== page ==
A team of Italian experts found between 28-74 items per kilogramme of sediment analysed—meaning that the entire glacier is home to 131-162 million plastic items.

"From marine trenches to glaciers we have now found microplastics," said Roberto Sergio Azzoni, from the University of Milan, who led the research.

Explore further

Plastic found in deepest ocean animals

© 2019 AFP

Citation: Clues emerge in 'missing' ocean plastics conundrum (2019, April 9) retrieved 18 July 2019 from
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User comments

Apr 09, 2019
It should be up to governmental officials to encourage the consumer public to recycle plastics of all types - hard and soft - instead of tossing such plastics in the trash. Such recycled plastics can be melted down and made into other plastic forms, over and over. The same with different metals and cardboard.

Apr 09, 2019
The piece we are badly in need of is technology that can take a mixed stream of plastics and separate it/break it down into usable feed stocks. Ideally, it would be able to do this while excluding contaminants like paper, metals, etc. As it is, I take plastic bags back to the store for recycling (except those that become dog poop bags!) My hauler only recycles plastics in the shape of bottles/jars. I don't know what that is about. It leave out all sorts of fine PETE used for product packaging, etc.

Apr 09, 2019
Most of the plastic in the oceans (90% or more) is coming from poor, underdeveloped countries. The best way to reduce most of the plastic in the oceans is to create incentives for those countries to prevent plastic from getting into waterways and the ocean.

Apr 09, 2019
It's actually a myth that most plastic is recyclable. It has been pushed by plastics industries and cheap crap manufacturers for decades. Only a few types of plastic can actually be recycled in an economical way, and most of the rest is just baled and sent to 3rd world countries where it will pollute the planet just as hard as if it had just been tossed in a landfill at home.

Apr 09, 2019
Ever seen the plastic in Asian rivers? It's so pervasive, you often can't SEE water. It's time to force them to comply with reasonable pollution laws or we start starving them out.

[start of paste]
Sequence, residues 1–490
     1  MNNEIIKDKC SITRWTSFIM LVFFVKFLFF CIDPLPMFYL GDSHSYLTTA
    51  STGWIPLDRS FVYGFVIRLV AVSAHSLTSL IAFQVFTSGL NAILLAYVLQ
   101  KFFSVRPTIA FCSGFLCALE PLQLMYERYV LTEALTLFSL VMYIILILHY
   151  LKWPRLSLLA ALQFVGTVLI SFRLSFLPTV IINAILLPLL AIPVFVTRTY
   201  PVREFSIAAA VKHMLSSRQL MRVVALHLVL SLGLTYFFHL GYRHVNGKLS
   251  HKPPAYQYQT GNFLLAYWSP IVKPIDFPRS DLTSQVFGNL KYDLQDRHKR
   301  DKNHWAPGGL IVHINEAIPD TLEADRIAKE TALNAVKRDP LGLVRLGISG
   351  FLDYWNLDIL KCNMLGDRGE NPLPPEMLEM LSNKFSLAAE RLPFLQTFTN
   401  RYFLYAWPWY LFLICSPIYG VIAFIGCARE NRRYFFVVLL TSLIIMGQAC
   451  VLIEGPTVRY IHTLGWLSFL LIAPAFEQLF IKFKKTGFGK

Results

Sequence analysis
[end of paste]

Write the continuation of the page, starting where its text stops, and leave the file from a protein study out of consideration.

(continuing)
Apr 10, 2019
There are many types of bacteria for which plastic is food. The difficulty is that these bacteria can only attach and degrade plastic at the surface or ends of the fibers.

But as the plastic degrades physically into smaller and smaller pieces it becomes easier to be eaten.

That is probably where a great deal of the plastic has gone.

Apr 10, 2019
Such recycled plastics can be melted down and made into other plastic forms, over and over
All you have to do with any one of SEU/pirouette/pussycat_eyes_/racistblackguy et al posts is check it and discover made-up bullshit.

"When different types of plastics are melted together, they tend to phase-separate, like oil and water, and set in these layers. The phase boundaries cause structural weakness in the resulting material, meaning that polymer blends are useful in only limited applications. The two most widely manufactured plastics, polypropylene and polyethylene, behave this way, which limits their utility for recycling."

"The same piece of plastic can only be recycled about 2-3 times before its quality decreases to the point where it can no longer be used. Additionally, each time plastic is recycled, additional virgin material is added to help "upgrade" its quality"

-Most plastic is not recyclable for a number of reasons.

No matter what bullshit artists say.

Apr 10, 2019
Such recycled plastics can be melted down and made into other plastic forms, over and over.

Not really. There are tens of thousands of different plastic formulations with different properties, and keeping them separate through the waste cycle is a practical impossibility. Many plastics aren't even thermoplastic - you can't re-melt them - and separating any contaminants is a process that requires infeasible amounts of energy.

Some plastics can be recycled to some effect, but most of them are just better off disposed in a waste incinerator. If you found a way to decompose them back to oil using a simple process that doesn't use expensive catalysts or tons of energy, you'd have found the holy grail of petrochemistry.

Apr 10, 2019
There are many types of bacteria for which plastic is food.

Except inorganic plastics like silicone, or poisonous plastics like teflon, or the fillers like chalk and kaolin, talc, titanium dioxide, silica... which make the microscopic plastic particles like eating sand.